42

I have a simple file at /etc/foo.txt. The file contains the following:

#bar

I have the following ansible playbook task to uncomment the line above:

- name: test lineinfile
  lineinfile: backup=yes state=present dest=/etc/foo.txt
              regexp='^#bar'
              line='bar'

When I first run ansible-playbook, the line gets uncommented and the /etc/foo.txt now contains the following:

bar

However, if I run ansible-playbook again, I get the following:

bar
bar

If I run it yet again, then the /etc/foo.txt file will look like this:

bar
bar
bar

How to avoid this duplications of lines? I just want to uncomment the '#bar' and be done with it.

1
  • Use replace to "just uncomment the '#bar' and be done with it". Jun 9, 2019 at 17:03

4 Answers 4

73

You need to add backrefs=yes if you don't want to change your regular expression.

- name: test lineinfile
  lineinfile: backup=yes state=present dest=/etc/foo.txt
              regexp='^#bar' backrefs=yes
              line='bar'

This changes the behavior of lineinfile from:

 find
 if found
   replace line found
 else
   add line

to:

 find
 if found
   replace line found

In other words, this makes operation idempotent.

0
59

The problem is the task's regex only matches the commented out line, #bar. To be idempotent, the lineinfile task needs to match both the commented and uncommented state of the line. This way it will uncomment #bar but will pass bar unchanged.

This task should do what you want:

- name: test lineinfile
  lineinfile: 
    backup=yes
    state=present
    dest=/etc/foo.txt
    regexp='^#?bar'
    line='bar'

Note the only change was adding a "?" to the regex.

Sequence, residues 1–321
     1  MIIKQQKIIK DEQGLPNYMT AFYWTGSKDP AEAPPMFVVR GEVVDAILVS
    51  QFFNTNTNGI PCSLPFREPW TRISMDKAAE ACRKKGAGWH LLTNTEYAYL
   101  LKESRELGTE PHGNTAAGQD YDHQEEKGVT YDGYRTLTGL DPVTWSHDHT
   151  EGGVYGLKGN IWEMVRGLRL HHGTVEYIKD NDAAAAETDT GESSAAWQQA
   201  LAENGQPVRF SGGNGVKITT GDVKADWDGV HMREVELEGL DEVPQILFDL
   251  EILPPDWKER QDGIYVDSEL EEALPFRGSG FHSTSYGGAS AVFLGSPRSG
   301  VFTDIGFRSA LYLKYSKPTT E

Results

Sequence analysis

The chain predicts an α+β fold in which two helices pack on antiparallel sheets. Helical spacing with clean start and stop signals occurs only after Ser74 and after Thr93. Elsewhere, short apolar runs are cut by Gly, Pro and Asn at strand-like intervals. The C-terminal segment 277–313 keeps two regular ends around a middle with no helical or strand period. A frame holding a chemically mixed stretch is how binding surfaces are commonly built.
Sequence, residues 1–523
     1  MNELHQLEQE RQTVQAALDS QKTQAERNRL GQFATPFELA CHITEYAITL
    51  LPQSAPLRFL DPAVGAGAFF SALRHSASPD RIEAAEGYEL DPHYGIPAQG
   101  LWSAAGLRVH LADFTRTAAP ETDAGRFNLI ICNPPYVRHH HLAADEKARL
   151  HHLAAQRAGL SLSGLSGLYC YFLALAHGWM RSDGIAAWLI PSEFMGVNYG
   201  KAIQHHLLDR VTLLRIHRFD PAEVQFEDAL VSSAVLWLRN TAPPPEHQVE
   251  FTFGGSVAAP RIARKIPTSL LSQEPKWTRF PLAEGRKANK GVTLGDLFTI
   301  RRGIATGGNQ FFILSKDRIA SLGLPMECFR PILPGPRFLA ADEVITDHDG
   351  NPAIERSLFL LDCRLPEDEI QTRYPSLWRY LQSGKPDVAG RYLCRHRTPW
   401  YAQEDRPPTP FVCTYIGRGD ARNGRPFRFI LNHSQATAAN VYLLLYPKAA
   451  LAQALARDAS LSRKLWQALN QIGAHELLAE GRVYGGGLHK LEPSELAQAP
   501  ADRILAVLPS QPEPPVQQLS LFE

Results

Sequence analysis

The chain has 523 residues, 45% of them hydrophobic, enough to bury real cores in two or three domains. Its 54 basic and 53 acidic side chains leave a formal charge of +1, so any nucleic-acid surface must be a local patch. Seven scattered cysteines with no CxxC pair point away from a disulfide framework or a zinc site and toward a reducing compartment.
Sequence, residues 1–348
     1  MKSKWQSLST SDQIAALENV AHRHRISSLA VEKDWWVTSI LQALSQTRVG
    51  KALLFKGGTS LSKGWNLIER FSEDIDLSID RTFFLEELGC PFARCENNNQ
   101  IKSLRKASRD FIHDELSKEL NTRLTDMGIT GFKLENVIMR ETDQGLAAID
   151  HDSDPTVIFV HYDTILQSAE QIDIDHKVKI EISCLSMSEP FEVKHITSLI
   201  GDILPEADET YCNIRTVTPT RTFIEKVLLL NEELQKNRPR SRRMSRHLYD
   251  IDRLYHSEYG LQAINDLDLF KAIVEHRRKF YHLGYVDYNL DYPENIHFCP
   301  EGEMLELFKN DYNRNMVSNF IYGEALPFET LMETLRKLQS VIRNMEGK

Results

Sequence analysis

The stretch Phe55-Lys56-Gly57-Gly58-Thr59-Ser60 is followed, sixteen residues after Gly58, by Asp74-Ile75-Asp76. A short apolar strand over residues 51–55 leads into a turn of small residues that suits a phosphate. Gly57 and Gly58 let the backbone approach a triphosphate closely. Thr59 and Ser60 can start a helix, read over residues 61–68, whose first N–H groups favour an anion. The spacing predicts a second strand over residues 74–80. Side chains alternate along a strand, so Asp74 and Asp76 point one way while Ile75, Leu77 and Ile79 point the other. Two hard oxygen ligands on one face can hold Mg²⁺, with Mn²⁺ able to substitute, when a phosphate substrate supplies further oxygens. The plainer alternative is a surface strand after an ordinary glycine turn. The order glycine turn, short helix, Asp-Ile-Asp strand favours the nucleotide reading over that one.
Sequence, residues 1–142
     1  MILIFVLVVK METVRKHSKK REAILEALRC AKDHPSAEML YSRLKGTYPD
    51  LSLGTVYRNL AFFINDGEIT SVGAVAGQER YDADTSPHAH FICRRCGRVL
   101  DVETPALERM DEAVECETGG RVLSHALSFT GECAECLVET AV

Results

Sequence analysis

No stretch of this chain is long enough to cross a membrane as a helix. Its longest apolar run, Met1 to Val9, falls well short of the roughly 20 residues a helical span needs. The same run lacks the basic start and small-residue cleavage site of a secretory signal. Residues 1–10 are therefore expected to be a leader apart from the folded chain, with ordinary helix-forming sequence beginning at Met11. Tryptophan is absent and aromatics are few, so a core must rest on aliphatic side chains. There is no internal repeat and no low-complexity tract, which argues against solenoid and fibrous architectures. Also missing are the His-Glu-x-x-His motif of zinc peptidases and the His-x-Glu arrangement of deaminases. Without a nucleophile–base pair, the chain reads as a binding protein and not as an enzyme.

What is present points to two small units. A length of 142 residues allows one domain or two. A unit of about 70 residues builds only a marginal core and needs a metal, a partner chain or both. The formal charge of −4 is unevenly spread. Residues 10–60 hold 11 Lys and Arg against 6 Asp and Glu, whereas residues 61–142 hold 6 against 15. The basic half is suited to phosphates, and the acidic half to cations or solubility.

3
  • 1
    But that always changes the file. My understanding was that the line only gets inserted (file modified) when the regexp matched.
    – jdevora
    Nov 15, 2016 at 1:04
  • As long as the file comes out the same every time, the task is idempotent. That's all that matters.
    – joemaller
    Nov 15, 2016 at 23:03
  • 1
    I found out the hard way that if you use insertafter in combination with this, you end up with duplicate lines again. insertafter breaks this formula. Feb 8, 2018 at 23:44
3

See https://github.com/ansible/ansible/issues/4531.

The solution is to not replace the commented out line, but to add an additional line, while keeping the original there.

0

For those of you who came here after looking at their file full of duplicate lines: a simple way to remove the duplicates and get back to a "good state" is, to use "state=absent" with the orginal regex.

For Example:

- name: clean KexAlgorithms
  lineinfile: dest=/etc/ssh/sshd_config
              regexp="^KexAlgorithms"
              state=absent

And then just re-adding them correctly.

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